SAN ANTONIO BOTANICAL GARDEN Art in the Garden: Scattering Screen by Alyson Shotz Thru June 2017 SAN ANTONIO MUSEUM OF ART Carlos Merida: Selections from the Permanent Collection Thru 1/29 The Magic of Clay and Fire: Japanese Contemporary Ceramics Thru Fall 2017 Julian Onderdonk and the Texan Landscape 1/20-4/23 Of Country and Culture: The Lam Collection of Australian Aboriginal Art 2/24-5/14 SOUTHWEST SCHOOL OF ART Beck Whitehead & Pulparazzi Thru 1/15 Hadar Sobol Thru 1/15 Erin Neve Thru 2/26 Todd Christensen Thru 2.26
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Southwest School of Art Faculty Critical Mass 1/26-2/26 WITTE MUSEUM National Geographic: Earth Explorers Thru 1/22 Texas Art of Early Days to Now: The Witte Collection Thru 5/29 Rudolf Staffel: Gathering Light Thru 5/29 Above and Beyond 2/18-5/7
Miscellaneous San Antonio Coffee Festival 1/7, Sat @ 10am La Villita Historic Arts Village U.S. Army All-American Bowl & San Antonio Sports All-Star Game 1/7, Sat @ 12pm Alamodome San Antonio Cocktail Conference 1/11-15 Sheraton Gunter Hotel City of San Antonio MartinLuther King, Jr. March 1/16, Mon @ 10am Martin Luther King, Jr. Academy
San Antonio Restaurant Week 1/16-28 www.culinariasa.org for details Neil Degrasse Tyson: The Cosmic Perspective 1/19, Thu @ 7:30pm H-E-B Performance Hall at the Tobin Center Monster Jam 1/21-22, Sat @ 7pm Sun @ pm Alamodome WWE Royal Rumble 1/29, Sun @ 5:30pm Alamodome Michael Carbonaro Live! 1/29, Sun @ 7:30pm Majestic Theatre San Antonio Stock Show & Rodeo 2/9-25 AT&T Center Entertainment after Rodeo Performances 2/9, Thu @ 7pm Cody Johnson 2/10, Fri @ 7:30pm Little Big Town 2/11, Sat @ 1pm & 7:30pm Sam Hunt 2/12, Sun @ 1pm Maddie & Tae 2/13, Mon @ 7pm John Fogerty 2/14, Tue @ 7pm For King & Country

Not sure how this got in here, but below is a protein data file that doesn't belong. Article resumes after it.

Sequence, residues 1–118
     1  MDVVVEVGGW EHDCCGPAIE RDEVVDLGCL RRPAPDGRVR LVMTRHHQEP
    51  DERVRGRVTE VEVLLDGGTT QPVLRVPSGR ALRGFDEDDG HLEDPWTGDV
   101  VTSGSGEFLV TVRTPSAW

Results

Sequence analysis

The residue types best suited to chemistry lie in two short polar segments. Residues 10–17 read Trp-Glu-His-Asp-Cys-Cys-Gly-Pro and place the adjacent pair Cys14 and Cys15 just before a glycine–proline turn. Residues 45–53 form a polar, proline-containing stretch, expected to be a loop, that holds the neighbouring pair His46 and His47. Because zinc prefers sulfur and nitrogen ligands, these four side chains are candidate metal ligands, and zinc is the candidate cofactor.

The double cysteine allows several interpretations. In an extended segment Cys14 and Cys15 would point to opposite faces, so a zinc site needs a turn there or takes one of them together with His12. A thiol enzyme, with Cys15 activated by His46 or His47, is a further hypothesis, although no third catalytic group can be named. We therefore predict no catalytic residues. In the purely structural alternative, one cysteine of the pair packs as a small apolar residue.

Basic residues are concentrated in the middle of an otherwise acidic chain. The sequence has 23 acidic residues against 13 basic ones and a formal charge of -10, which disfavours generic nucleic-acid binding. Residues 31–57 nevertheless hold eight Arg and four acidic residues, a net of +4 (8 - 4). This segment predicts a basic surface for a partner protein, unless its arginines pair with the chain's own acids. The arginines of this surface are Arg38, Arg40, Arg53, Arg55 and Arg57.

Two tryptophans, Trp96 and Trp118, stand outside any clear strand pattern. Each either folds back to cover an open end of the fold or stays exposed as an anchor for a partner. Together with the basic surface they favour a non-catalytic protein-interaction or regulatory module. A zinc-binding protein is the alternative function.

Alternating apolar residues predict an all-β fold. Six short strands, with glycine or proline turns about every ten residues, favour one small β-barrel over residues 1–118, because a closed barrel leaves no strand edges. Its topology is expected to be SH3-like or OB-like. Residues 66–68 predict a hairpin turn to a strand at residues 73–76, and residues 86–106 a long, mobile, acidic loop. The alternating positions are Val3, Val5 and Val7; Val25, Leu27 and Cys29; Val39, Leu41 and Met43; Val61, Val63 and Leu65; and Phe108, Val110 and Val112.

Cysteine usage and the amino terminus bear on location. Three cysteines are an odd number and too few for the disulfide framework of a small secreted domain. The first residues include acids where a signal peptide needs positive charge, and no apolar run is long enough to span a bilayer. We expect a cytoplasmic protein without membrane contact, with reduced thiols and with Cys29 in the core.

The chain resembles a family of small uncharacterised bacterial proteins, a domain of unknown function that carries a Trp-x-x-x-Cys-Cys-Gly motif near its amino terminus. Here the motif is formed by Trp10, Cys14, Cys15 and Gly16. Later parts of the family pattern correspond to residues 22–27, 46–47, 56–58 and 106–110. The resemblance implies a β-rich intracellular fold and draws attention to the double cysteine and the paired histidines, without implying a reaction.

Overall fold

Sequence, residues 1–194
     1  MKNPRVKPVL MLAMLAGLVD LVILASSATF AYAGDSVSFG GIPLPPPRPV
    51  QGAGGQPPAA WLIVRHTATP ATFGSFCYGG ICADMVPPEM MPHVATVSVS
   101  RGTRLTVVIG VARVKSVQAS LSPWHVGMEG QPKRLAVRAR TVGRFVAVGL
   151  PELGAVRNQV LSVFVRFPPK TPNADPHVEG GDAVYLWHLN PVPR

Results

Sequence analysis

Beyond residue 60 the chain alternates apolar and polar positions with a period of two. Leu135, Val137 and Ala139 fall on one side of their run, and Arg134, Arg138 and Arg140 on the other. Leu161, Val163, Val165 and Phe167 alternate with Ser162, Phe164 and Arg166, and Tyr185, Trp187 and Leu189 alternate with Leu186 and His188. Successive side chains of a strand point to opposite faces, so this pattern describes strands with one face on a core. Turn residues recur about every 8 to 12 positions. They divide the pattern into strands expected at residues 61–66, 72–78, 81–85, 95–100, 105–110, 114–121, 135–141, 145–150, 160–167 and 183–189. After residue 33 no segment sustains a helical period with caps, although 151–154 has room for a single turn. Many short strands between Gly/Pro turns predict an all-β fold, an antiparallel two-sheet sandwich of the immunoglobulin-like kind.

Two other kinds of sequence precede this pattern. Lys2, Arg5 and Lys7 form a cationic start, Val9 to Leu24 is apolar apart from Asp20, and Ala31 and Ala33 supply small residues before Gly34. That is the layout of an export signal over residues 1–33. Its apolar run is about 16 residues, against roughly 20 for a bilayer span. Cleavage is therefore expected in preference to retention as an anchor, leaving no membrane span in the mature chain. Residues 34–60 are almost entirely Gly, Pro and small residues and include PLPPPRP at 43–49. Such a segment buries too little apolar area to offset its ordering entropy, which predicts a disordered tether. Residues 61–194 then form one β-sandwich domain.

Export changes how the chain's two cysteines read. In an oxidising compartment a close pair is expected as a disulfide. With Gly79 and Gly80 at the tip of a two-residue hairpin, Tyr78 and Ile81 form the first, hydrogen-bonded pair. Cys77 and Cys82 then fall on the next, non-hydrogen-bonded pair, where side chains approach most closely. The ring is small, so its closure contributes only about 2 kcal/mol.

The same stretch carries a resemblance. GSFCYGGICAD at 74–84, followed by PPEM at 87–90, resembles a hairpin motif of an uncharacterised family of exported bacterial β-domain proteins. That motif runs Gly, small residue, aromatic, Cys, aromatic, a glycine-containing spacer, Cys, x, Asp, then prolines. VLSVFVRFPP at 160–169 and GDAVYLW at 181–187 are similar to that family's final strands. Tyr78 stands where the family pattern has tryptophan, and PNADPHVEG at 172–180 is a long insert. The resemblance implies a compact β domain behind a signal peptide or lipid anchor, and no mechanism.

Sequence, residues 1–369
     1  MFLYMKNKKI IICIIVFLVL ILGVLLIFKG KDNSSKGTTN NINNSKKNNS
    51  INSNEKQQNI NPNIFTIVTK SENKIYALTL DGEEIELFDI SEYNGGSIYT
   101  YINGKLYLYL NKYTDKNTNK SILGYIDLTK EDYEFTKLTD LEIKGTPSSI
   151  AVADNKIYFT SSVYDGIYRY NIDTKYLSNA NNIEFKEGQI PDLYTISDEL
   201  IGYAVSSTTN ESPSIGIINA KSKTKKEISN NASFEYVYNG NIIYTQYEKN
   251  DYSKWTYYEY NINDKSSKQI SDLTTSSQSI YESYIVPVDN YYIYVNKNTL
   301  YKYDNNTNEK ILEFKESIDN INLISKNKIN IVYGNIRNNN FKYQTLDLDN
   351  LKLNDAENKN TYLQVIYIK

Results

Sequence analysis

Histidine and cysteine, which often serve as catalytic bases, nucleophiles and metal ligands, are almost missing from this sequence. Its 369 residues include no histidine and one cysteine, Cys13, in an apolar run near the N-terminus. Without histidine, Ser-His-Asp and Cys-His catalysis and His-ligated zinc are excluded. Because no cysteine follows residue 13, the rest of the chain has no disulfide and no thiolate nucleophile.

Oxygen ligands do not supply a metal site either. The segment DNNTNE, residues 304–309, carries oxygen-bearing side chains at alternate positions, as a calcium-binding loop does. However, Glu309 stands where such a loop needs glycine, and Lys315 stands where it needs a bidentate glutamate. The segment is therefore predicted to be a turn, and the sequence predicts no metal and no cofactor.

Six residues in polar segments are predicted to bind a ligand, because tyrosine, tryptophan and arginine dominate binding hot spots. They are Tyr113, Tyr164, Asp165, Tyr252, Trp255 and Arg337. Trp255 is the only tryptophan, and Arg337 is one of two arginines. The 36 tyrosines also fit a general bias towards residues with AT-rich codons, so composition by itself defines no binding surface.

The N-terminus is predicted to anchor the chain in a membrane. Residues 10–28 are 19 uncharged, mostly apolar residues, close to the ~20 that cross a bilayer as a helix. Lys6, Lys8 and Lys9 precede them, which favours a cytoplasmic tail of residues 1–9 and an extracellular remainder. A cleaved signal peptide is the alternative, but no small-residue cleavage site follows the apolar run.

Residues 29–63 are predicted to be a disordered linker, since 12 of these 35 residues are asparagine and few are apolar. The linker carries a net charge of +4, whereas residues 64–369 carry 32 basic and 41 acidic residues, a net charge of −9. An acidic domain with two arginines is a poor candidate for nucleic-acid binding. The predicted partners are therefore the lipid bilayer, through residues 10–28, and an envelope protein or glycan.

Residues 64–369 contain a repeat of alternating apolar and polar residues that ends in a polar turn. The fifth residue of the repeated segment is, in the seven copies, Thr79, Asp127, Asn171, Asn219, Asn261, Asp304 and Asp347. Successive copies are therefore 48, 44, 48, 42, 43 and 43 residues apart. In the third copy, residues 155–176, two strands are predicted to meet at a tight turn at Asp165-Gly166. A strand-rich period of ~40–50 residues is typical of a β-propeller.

2/15, Wed @ 7pm Chris Young 2/16, Thu @ 7pm Willie Nelson & Family 2/17, Fri @ 7:30pm The Band Perry 2/18, Sat @ 1pm Chris Janson 2/18, Sat @ 7:30pm Chase Rice 2/19, Sun @ 1pm Dan + Shay 2/19, Sun @ 7:30pm Edwin Luna y Trakalosa de Monterrey 2/20, Mon @ 7pm Fifth Harmony 2/21, Tue @ 7pm Dierks Bentley 2/22, Wed @ 7pm Jake Owen 2/23, Thu @ 7pm Huey Lewis & The News 2/24, Fri @ 7:30pm Rascal Flatts 2/25, Sat @ 1pm Aaron Watson 2/25, Sat @ 7:30pm Josh Turner Jewish Film Festival 2/18-22 Embassy 14 Theatre www.jccsanantonio.org/ filmfestival
Oden Dupeyron 2/19, Sat @ 8pm Lila Cockrell Theatre The No Sleep Podcast 2/19, Sat @ 7pm Carlos Alvarez Studio Theater at the Tobin Center CineFestival 2/24-3/4 Guadalupe Theater
Photo Credits Page 42 (L-R) Deanna Breiwick Photo by MLE Jayne Photography Chubby Checker Courtesy Brauntex Theatre Akiko Fujimoto Photo by Eric Green Ted Vigil Photo by Heather Bunker Page 44 (L-R) Mario Flores Courtesy email@example.com Alolus Quartet Courtesy SA Chamber Music Society
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Troy Peters Courtesy YOSA
Ray Wylie Hubbard Photo by Courtney Chavanell
Little Big Town Courtesy SA Stock Show & Rodeo
Kyle Parks Courtesy firstname.lastname@example.org
Page 49 (L-R)
Page 45 (L-R)
Les Amies Trio Courtesy SA Chamber Music Society
Maddie & Tae Courtesy SA Stock Show & Rodeo
Gary P. Nunn Courtesy email@example.com Carrie Newcomer Courtesy Tobin Center Simone Porter Photo by Jeff Fasano Marty Stuart Photo by Alysse Gafkjen Page 46 (L-R) Connie Smith Courtesy CMT.com Sara Watkins Photo by Kaarten deBoer George Winston Courtesy georgewinston.com James Dick Courtesy jamesdick.org Page 47 (L-R)
Alex Meixner Photo by Nicole C. Kibert
John Fogerty Courtesy SA Stock Show & Rodeo Page 56 (L-R)
Page 50 (L-R)
Willie Nelson Courtesy SA Stock Show & Rodeo
Senior Moments Courtesy Linda Kaufman
The Band Perry Courtesy SA Stock Show & Rodeo
Mamma Mia Courtesy Tobin Center
Dierks Bentley Courtesy SA Stock Show & Rodeo
Drumline Live Courtesy Tobin Center
Huey Lewis and the News Courtesy SA Stock Show & Rodeo
Erin Foley Photo by John Rudoff
Page 57 (L-R)
Page 52 (L-R)
Rascal Flatts Courtesy SA Stock Show & Rodeo
Jay Leno Courtesy Majestic Theatre
Neil DeGrasse Tyson Courtesy Tobin Center
Kathleen Madigan Courtesy kathleenmadigan.com
Page 58 (L-R) Reckless Kelly Courtesy recklesskelly.com
William Wolfram Courtesy musicvinearts.com
Leanne Morgan Courtesy leannemorgan.com
Vocalosity Courtesy Boerne Performing Arts
Felipe Esparza Courtesy Improv Comedy Club
Page 48 (L-R)
Page 54 (L-R)
Heather McDonald Courtesy Tobin Center
Michael Hix Courtesy Rockbox Theater
Pablo Francisco Courtesy Improv Comedy Club
Russian Seasons Dance Courtesy Boerne Performing Arts
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Taj Express Courtesy Boerne Performing Arts
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Culinary Arts 62-70
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Mark Bohanan Brings Energy, Experience to Boerne with Peggy’s on the Green By: Olivier J. Bourgoin (aka. Olivier the Wine Guy) Photography Greg Harrison